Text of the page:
Finally sadness settled…

Chapter 3

Mark was sad. It had been 3 years since Ma died, and hi finally missed her, but he didn’t know why. She had been gone for three years. She hadn’t made any impact on his life, since she made the last impact on him, back when she was still alive. The form of impact she had made, was childish and Mark really didn’t miss talking to his teddy bear with mom.

Still he felt… Loss. Like he had something once and like he didn’t have that something anymore. Rather basic take on “missing”. Missing something meant to have lost something. Or someone. And he had lost ma, but he still didn’t get the sadness about that. Still, he finally felt sad. The word finally clued him in on something. Why would he “think” finally? Had the sadness been there long, “finally” being let out? Or was it that he didn’t feel sad, when he knew he should have?

What ever the course, the sadness was here, unpossible as it seemed. Seems that unpossible is possible, just with a longer waiting period.

But the sadness was general, it was all in him and not at all focused. He looked around himself, seeing himself sitting on the bed in what he would undoubtedly call his childhood room, at some point. That point was not now.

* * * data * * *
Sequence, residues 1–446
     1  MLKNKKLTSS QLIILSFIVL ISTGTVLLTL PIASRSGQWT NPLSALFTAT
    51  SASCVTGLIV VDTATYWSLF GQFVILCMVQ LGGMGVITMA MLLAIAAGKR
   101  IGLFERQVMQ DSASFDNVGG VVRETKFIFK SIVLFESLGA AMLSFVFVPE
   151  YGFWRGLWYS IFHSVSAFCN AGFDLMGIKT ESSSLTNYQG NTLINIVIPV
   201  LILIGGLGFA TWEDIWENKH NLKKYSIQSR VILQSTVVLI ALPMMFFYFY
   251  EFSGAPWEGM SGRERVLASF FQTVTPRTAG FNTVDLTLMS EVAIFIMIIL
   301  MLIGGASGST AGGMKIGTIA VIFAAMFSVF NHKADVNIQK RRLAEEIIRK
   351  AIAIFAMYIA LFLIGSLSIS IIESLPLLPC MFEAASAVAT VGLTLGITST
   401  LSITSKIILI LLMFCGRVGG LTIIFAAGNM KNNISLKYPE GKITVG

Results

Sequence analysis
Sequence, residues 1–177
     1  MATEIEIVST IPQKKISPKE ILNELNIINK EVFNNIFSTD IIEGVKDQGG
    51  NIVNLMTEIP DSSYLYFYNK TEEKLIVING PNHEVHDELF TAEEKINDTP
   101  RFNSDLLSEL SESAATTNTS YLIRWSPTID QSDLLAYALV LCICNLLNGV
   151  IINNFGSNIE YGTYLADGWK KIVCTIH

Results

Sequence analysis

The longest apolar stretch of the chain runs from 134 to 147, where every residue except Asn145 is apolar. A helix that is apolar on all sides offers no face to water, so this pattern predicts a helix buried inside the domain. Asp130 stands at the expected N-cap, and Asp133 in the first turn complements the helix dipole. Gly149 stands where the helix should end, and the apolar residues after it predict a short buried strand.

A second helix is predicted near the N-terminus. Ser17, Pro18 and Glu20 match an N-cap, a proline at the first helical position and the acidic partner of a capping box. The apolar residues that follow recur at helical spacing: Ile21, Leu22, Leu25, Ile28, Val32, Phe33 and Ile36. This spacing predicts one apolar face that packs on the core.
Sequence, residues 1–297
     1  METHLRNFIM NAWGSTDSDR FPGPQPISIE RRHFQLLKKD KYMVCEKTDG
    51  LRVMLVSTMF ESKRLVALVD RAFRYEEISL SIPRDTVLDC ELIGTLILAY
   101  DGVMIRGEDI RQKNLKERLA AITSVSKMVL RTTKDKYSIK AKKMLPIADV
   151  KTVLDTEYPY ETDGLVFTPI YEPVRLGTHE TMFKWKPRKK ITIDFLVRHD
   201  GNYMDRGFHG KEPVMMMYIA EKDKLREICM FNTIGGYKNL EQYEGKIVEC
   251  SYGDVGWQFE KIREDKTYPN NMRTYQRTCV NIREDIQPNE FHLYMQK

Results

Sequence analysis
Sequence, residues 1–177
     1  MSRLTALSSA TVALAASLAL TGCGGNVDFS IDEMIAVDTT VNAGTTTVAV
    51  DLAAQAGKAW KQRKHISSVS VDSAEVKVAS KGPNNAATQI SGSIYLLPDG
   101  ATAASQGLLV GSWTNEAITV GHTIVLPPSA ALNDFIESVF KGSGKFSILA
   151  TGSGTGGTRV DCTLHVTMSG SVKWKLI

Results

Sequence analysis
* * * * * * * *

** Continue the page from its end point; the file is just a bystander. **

Now he was just sitting there, watching himself and the small space around him, and all of it spoke volumes about him. He was seeing himself on the shelves with the books and the toys. He was seeing himself in the Marilyn Manson posters posted on the wall, just hanging there, exactly where he posted them with glue and tape, not that many months ago. He saw himself, wherever he looked. And of course he did. This was his room, and the things in this room, was things of his choosing.

Maybe they’re make-believe, he thought. Like a vision of who I want to be, and not who I really am, he thought, and then thought further: Maybe I’m not seeing me as I am, but as I would like to be.

It was hard for Mark to tell, and in all truth, it didn’t even really matter which who he was, as long as he was, and he thought that that was the deepest thought he’d had all month.